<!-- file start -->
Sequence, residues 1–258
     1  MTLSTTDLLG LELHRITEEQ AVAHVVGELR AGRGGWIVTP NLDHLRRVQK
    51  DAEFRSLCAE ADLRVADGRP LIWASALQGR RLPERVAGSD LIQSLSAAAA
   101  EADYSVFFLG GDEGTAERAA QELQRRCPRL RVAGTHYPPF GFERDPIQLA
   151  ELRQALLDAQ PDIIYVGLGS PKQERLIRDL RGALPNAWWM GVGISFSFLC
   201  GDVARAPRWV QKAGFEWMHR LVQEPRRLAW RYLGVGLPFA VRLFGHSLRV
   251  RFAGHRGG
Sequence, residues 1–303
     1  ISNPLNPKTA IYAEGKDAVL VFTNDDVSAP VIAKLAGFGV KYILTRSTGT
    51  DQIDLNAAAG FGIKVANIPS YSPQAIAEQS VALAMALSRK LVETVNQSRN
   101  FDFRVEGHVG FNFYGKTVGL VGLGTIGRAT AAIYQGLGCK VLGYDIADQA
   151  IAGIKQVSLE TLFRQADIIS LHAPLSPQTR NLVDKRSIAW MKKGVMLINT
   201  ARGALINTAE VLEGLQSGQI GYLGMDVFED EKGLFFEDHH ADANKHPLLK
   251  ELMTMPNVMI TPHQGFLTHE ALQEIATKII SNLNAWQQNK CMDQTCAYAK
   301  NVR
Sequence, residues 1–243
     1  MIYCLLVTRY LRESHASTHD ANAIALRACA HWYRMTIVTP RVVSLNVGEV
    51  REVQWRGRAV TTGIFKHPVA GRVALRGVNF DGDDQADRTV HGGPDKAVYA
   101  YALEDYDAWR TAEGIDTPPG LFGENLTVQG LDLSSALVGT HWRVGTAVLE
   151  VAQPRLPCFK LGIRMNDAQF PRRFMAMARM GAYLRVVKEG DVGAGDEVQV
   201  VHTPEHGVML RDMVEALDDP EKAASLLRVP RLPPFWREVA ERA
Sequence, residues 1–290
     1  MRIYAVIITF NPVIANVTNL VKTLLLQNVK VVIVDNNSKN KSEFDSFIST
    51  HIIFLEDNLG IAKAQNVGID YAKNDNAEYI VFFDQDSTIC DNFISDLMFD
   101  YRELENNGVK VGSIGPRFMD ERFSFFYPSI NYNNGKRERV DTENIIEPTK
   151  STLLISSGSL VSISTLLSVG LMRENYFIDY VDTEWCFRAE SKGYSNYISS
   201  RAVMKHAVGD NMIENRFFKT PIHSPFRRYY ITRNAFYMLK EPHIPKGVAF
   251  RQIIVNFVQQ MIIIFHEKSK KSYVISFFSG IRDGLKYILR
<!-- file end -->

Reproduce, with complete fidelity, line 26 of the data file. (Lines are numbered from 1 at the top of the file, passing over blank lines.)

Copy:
   151  STLLISSGSL VSISTLLSVG LMRENYFIDY VDTEWCFRAE SKGYSNYISS